IEECR

The AG Schwarz was part of a collaboration with the group of Prof. Patrik Krieger from the Ruhr University of Bochum and published a paper on Cortical layer 6 control of sensory responses in higher-order thalamus.

The paper is already available online:

Ansorge J, Humanes-Valera D, Pauzin FP, Schwarz MK, Krieger P. (2020) Cortical layer 6 control of sensory responses in higher-order thalamus. J. Physiol., doi: 10.1113/JP279915.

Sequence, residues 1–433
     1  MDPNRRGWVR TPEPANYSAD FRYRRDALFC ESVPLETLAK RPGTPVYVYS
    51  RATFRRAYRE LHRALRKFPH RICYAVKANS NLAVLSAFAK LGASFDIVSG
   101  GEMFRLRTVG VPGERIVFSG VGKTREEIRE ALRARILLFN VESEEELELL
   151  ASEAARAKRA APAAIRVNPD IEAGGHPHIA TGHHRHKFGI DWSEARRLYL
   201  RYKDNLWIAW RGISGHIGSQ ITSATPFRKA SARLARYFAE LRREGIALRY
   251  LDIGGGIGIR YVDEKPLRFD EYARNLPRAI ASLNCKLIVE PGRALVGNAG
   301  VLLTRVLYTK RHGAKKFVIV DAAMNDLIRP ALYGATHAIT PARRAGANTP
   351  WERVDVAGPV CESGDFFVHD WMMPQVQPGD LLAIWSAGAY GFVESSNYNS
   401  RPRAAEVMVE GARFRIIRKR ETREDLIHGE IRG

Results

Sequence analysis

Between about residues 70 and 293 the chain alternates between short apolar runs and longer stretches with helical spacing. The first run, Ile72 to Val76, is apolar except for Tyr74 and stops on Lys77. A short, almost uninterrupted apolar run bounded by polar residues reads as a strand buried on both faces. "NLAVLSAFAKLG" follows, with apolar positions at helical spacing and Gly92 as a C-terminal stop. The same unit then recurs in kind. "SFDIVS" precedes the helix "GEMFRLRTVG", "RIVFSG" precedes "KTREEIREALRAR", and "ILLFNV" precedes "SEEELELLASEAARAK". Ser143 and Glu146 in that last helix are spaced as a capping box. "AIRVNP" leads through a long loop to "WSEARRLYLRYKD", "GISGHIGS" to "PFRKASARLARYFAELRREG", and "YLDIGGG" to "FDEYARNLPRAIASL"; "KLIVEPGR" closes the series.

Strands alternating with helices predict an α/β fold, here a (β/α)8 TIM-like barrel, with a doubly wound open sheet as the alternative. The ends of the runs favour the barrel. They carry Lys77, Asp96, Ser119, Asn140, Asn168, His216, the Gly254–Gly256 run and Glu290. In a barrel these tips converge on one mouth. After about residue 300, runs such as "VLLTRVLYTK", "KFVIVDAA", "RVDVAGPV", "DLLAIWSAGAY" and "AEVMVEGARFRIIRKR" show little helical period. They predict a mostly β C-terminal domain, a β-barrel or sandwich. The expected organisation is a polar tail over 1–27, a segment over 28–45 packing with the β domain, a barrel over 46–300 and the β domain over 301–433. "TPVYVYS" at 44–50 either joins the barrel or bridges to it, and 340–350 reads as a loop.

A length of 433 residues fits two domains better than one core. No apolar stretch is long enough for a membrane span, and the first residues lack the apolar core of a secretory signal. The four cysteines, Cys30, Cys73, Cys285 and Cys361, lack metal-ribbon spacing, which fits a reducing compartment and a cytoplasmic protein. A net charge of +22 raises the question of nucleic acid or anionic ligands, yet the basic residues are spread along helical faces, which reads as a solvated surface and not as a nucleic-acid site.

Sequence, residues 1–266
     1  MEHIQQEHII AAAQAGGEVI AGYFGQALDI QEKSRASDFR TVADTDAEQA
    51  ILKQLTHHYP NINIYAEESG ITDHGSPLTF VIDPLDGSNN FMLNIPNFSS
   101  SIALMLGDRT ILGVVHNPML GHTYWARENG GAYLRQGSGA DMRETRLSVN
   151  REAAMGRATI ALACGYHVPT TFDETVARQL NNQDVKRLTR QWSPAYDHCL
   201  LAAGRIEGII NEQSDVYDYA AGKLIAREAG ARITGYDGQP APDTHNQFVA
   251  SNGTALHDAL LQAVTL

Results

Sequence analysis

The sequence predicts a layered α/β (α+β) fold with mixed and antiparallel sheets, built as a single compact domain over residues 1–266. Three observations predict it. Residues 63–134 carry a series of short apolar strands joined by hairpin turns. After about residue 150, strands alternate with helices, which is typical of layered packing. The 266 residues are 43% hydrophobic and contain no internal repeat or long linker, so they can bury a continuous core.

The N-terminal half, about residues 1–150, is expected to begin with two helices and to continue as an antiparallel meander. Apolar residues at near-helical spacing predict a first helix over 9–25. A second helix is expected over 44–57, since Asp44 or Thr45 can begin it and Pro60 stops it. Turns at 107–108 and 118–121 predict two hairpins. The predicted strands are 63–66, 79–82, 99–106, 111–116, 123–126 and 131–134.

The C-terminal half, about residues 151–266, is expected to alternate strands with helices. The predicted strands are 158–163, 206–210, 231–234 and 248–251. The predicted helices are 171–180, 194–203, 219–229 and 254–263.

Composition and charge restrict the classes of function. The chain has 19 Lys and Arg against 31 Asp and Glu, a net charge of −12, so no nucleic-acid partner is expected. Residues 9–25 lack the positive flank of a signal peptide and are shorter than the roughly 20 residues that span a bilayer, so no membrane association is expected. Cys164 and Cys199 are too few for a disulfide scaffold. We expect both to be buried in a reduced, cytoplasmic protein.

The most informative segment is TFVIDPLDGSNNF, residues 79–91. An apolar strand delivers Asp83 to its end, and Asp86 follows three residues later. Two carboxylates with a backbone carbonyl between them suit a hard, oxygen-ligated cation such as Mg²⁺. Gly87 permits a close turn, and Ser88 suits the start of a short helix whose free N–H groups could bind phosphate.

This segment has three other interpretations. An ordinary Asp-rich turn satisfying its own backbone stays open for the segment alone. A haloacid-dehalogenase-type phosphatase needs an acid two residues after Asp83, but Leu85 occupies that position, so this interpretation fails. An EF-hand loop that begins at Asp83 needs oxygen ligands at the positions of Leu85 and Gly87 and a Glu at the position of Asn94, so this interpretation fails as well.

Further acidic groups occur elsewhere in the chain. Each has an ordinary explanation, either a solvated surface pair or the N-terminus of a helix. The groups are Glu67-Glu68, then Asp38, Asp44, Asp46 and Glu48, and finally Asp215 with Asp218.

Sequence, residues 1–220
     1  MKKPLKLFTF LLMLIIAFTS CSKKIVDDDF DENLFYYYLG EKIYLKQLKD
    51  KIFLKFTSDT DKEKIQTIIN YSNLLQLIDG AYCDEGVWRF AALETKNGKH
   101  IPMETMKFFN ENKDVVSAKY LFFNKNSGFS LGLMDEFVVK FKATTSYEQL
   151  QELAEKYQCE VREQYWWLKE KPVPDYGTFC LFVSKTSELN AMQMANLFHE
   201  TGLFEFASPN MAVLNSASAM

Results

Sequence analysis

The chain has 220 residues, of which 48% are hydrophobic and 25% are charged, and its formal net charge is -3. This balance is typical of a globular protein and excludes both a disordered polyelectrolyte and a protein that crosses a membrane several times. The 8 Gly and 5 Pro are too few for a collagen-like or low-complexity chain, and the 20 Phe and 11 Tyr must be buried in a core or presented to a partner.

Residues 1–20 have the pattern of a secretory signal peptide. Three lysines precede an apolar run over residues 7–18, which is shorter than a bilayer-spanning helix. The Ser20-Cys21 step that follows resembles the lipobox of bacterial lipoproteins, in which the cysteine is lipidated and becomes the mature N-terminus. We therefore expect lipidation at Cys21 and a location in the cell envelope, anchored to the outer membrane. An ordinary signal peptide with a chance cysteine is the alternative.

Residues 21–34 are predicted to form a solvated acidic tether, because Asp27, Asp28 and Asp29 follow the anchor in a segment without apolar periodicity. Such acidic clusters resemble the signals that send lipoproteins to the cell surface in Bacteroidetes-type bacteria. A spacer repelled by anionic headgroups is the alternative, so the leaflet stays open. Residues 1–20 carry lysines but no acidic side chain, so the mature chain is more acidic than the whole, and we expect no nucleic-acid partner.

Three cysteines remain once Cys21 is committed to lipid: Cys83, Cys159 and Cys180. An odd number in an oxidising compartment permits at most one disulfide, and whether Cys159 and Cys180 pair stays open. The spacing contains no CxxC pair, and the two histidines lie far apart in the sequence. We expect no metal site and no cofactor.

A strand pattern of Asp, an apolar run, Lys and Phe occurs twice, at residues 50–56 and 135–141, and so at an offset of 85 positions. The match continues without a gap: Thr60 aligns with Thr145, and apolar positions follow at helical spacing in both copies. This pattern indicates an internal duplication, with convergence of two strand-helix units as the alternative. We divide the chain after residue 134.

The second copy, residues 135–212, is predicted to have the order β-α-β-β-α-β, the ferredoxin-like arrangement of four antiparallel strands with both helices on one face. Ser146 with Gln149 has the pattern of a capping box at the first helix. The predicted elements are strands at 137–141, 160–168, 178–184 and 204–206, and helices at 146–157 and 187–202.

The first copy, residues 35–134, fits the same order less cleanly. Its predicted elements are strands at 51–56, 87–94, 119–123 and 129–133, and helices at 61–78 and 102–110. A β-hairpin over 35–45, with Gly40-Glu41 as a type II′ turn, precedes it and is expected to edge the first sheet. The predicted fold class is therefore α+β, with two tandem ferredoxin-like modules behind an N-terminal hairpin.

Abstract: Thalamic activity is regulated by corticothalamic feedback from layers 5B and 6. The nature of these feedback systems differs, one difference being that whereas layer 5 provides ‘driver’ input, the layer 6 input is thought to be ‘modulatory’. To selectively study the importance of the layer 6 corticothalamic (L6 CT) projection, a transgenic mouse line was used in which layer 6 cells projecting to posterior medial thalamus (POm) were targeted for expression of channelrhodopsin-2 and in vivo electrophysiology recordings were done in urethane-anaesthetized mice. Pre- and postsynaptic targets were identified using tracing techniques and light-sheet microscopy in cleared intact brains. We find that optogenetic activation of this subtype of L6 CT cells (L6-Drd1) has little effect on cortical activity, but activates POm. Repetitive photoactivation of L6-Drd1 cells evoked a reliable response following every photoactivation, whereas in the connected POm area spiking was only initially increased. The response to repetitive whisker stimulation showed a similar pattern with only an initial increase in whisker-evoked spiking. Furthermore, the increase in whisker-evoked spiking with optogenetic activation of L6-Drd1 cells is additive, rather than multiplicative, causing even cells that in the absence of L6 activation produce relatively few spikes to increase their spiking substantially. We show that layer 6 corticothalamic cells can provide a strong, albeit rapidly depressing, input to POm. This type of cortical L6 activity could be important for rapid gain control in POm, rather than providing a modulation in phase with the whisking cycle.

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